Last October I had the great privilege of delivering the Fifth Annual B. B. Warfield Lectures at the invitation of Erskine Seminary and First Presbyterian Church, Columbia, SC. Edited versions of those two lectures have now been published in RTS’s online journal, Reformed Faith & Practice:
- What Are We? Three Views on Human Nature
- Transgenderism: A Christian Perspective
The first lecture is to some degree setup for the second, but each one is self-standing.
The Nashville Statement was published this week, and the (over)reaction to it has been entirely predictable. It’s a fine summary of the biblical Christian position on human sexuality, and (while I might quibble with the wording here and there) I agree with all of its affirmations and denials. What the statement doesn’t do (by design) is answer all of the tricky questions that arise for Christians now living in a culture that by and large repudiates the claims of the Nashville Statement. Truth notwithstanding, the tide is flooding the plain and we’ll soon be up to our necks.
It’s not unfair to say that the Nashville Statement answers easy questions. What does the Bible actually say about natural sexual distinctions and proper sexual relationships? The harder questions concern matters of Christian practice as we engage with the shifting culture around us and grapple with the impact it has on the lives of real people.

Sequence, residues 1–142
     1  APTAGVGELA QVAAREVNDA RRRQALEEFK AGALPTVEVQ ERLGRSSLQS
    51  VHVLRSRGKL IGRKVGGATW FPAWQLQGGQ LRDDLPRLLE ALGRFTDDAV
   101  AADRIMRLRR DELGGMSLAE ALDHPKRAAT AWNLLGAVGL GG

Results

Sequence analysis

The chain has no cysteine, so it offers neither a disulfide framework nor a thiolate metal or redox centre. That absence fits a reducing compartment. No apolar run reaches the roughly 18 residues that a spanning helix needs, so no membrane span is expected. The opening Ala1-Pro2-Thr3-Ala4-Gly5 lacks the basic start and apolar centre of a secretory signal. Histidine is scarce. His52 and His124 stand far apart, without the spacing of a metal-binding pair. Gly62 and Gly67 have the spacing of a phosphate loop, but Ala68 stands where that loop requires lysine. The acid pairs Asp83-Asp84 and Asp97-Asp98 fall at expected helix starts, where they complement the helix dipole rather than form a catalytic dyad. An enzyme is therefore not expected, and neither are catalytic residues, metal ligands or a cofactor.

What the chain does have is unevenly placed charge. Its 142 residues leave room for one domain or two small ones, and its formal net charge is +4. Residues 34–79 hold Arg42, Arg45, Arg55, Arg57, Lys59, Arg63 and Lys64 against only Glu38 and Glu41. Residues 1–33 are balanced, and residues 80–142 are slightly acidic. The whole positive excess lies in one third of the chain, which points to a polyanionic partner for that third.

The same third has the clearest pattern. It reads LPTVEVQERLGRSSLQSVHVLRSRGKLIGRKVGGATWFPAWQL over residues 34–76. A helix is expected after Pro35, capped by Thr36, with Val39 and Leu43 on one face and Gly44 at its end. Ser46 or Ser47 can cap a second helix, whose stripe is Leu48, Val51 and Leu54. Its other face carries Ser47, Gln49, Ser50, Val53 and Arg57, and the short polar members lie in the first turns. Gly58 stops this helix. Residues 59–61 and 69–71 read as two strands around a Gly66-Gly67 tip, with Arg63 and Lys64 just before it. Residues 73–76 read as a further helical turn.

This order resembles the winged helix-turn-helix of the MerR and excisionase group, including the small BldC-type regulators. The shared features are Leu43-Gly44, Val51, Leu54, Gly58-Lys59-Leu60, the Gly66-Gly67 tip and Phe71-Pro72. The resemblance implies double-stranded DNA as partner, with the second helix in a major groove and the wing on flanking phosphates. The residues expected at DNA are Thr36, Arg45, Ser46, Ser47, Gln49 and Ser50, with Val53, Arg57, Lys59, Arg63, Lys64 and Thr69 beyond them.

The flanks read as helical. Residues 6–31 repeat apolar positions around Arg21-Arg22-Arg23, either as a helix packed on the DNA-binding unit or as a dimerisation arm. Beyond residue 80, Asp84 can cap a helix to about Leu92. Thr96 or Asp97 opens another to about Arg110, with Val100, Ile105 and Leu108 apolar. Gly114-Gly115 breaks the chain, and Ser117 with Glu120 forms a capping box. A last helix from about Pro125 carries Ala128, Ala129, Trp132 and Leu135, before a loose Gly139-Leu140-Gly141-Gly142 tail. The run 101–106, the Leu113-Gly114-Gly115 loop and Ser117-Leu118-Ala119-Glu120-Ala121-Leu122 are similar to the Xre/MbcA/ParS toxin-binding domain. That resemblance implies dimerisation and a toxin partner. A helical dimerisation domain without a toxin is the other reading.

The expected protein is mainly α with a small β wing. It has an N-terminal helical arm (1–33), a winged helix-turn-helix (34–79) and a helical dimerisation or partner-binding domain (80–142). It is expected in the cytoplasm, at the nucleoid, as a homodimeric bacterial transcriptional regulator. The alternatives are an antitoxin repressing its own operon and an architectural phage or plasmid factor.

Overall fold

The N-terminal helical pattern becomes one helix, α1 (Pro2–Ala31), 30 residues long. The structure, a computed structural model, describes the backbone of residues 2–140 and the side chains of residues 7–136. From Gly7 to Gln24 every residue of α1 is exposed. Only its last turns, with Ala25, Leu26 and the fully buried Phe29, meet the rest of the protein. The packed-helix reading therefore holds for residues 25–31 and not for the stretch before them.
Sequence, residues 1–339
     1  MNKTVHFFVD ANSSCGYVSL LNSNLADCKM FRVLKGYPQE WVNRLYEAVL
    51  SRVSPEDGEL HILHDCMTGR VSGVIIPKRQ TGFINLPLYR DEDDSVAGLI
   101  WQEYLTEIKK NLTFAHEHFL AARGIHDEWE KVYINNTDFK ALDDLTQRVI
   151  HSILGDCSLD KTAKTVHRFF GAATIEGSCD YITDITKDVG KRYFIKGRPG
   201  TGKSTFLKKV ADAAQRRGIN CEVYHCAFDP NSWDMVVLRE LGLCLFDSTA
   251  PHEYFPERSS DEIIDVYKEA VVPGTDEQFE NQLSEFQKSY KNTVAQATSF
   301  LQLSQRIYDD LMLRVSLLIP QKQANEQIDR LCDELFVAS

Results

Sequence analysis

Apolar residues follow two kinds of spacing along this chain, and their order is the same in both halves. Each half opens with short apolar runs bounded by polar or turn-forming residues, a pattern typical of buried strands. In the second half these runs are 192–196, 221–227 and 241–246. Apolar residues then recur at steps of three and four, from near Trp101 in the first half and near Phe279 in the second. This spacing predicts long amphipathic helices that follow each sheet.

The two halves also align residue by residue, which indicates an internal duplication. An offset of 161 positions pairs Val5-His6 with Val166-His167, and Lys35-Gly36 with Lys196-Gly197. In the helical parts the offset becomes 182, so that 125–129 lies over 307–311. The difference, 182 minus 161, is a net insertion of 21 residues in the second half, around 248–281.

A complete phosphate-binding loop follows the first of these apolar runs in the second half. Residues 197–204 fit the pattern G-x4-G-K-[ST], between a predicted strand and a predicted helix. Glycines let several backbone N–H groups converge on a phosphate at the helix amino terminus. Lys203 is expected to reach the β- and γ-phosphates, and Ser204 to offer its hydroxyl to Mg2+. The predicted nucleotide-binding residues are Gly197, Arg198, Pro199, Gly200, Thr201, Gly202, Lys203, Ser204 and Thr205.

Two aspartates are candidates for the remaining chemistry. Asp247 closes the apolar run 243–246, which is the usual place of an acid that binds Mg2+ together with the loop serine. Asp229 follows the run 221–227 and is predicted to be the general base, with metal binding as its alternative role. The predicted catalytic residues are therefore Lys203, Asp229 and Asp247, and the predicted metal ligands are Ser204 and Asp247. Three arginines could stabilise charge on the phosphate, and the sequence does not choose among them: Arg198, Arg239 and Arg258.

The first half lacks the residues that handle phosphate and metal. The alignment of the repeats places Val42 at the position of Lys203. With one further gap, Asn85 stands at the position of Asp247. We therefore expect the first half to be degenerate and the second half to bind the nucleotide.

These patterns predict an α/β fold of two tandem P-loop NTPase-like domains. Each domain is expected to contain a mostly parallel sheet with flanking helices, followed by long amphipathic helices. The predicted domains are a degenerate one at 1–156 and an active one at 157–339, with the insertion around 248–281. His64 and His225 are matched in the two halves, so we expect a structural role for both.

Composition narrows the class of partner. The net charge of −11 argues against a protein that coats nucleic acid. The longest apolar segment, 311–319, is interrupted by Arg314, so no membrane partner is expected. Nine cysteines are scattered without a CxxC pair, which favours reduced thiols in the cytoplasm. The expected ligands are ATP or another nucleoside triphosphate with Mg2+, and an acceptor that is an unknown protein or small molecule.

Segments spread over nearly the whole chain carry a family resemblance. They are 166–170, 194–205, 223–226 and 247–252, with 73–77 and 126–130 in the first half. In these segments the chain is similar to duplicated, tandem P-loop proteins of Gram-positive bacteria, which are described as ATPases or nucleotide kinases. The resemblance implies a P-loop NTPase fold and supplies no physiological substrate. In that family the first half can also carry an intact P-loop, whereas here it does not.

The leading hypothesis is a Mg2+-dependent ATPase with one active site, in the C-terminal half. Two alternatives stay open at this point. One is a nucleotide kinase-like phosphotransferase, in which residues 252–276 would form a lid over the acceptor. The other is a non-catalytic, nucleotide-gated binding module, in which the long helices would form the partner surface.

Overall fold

I’ve given several presentations on the topic of transgenderism over the last two years, one of which will be published as an article in the forthcoming issue of RTS’s journal, Reformed Faith & Practice. On every occasion, one particular question has been asked during the Q&A session:
How should we deal with people who claim to be transgender and ask us to use different names and pronouns to refer to them, which they claim correctly reflect their true ‘gender identity’?
A short lunchtime presentation to the RTS Charlotte students, followed by Q&A.
If Jack cheats at Scrabble, is that as bad as if he cheats on his wife?
If Elmer pilfers $10 from the offering plate, is that as bad as if he embezzles $10,000 from the church?
If Annie shoots her neighbor’s dog, is that as bad as if she shoots her neighbor?
To most people, the answers to the questions are quite obvious. In each case, the answer is no: both of the actions mentioned are sinful, but the second is worse than the first. All too often, however, I encounter Christians (including some of my students) who seem confused about this issue, or who at least hesitate to give the seemingly obvious answer. I’ve heard Christians say things like, “All sins are equally sinful in God’s eyes,” and therefore they conclude that we shouldn’t discriminate between ‘lesser’ and ‘greater’ sins or make comparative judgments regarding different sins.